Question: I have an investment advisor, and my portfolio has been underperforming the stock market. Should I switch?
Answer: Most advisors will design a portfolio tailored to risk tolerance and sufficient to meet your investment goals, which might include growth, income, or a combination of both. I call this outcome-based investing as opposed to performance-based. In this way, you measure your portfolio performance against your need for income and growth, not some arbitrary index.
Let’s assume you have an all-stock portfolio that’s not keeping up with the stock market. If you hired your advisor to beat the market, you will be disappointed. Few, if any, do so consistently over time.
If you fire your advisor for not beating the market, who would you hire? You could always find someone who outperformed the market last year. But studies show that doesn’t work. Past performance doesn’t really seem to matter, and there is no academic research or study I am aware of that shows otherwise.
According to Mark Hulbert, editor of the Hulbert Financial Digest: “If you switched your money every year into the prior year’s best-performing portfolio tracked by the Hulbert Financial Digest, you would have lost money in eight of the past 10 years and produced an average loss of 16% annually, during which time the S&P 500 returned an average of 8% annually, including dividends.” Hulbert also says that every advisor trails the market at times.
You may have seen the recent New York Times articles by Jeff Sommer where he describes a new S&P Dow Jones Indices study, “Does Past Performance Matter? The Persistence Scorecard.” The study examined 2,862 broad actively-managed stock market mutual funds that had been operating for at least 12 months as of March 2010. The study examined the top 25% of performers for the year ending in March 2010 and looked to see how many of those funds remained in the top 25% for the next four years. It turned out that only two of the 2,862 funds were in the top 25% for all five years.
Sommer quotes Keith Loggie, senior director of global research and design at S&P Dow Jones Indices, stating, “It is very difficult for active fund managers to consistently outperform their peers and remain in the top quartile of performance over long periods of time. There is no evidence that a fund that outperforms in one year, or even over several consecutive years, has any greater likelihood than other funds of out-performing in the future.”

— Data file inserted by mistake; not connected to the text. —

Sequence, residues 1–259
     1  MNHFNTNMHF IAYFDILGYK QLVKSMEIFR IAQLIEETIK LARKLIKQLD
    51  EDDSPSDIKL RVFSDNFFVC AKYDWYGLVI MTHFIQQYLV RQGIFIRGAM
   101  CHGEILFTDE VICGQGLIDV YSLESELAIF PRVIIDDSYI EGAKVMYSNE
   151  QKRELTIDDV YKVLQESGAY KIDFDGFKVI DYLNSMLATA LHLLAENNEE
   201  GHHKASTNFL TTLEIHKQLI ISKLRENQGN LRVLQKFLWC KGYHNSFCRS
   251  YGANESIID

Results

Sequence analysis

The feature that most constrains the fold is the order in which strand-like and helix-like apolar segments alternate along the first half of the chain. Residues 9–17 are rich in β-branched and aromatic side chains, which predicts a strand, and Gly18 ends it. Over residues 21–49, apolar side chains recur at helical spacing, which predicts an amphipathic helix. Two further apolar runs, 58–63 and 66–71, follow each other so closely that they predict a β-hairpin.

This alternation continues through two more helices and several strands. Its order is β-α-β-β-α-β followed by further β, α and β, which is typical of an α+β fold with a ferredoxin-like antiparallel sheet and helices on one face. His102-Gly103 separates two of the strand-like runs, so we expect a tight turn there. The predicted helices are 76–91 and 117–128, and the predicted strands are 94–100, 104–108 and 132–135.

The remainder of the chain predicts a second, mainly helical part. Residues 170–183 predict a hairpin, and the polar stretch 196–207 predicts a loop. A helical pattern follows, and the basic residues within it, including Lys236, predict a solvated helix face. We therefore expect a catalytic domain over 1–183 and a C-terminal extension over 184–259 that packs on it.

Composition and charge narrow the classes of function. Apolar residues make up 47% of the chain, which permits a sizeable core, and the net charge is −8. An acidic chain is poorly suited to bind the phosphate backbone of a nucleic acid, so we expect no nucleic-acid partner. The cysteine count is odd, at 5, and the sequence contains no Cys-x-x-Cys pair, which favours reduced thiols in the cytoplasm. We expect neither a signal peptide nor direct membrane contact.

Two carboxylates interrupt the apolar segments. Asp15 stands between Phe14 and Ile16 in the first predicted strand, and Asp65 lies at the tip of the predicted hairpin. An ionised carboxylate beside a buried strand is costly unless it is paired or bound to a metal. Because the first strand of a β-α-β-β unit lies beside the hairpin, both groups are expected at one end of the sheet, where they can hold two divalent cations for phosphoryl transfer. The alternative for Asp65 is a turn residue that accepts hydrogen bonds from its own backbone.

In a subsequent article, Sommer goes one step farther. He compares the results of the S&P Dow Jones Indices study with flipping a coin. When you flip a coin, you have a 50/50 chance of heads and tails. You can read his article for more details, but his bottom line results show that the coin flipper did better than the mutual fund managers because roughly three funds – not two – would have been expected to end up in the top quartile for five years in a row.
No doubt your investment advisor is a smart guy. So are the thousands of highly paid analysts with postgraduate degrees in finance and certifications such as “Chartered Financial Analyst” that rate stocks and pick them for fund companies. If they can’t consistently beat the market, who can?
Kenneth B. Petersen CFP®, EA, MBA, AIFA® is an investment manager and Principal of Monterey Private Wealth, Inc., a Wealth Management Firm in Monterey. He welcomes questions that you may have concerning investing, taxes, retirement, or estate planning. Send your questions to: Ken Petersen, 2340 Garden Road Suite 202, Monterey, CA 93940 or email them to firstname.lastname@example.org.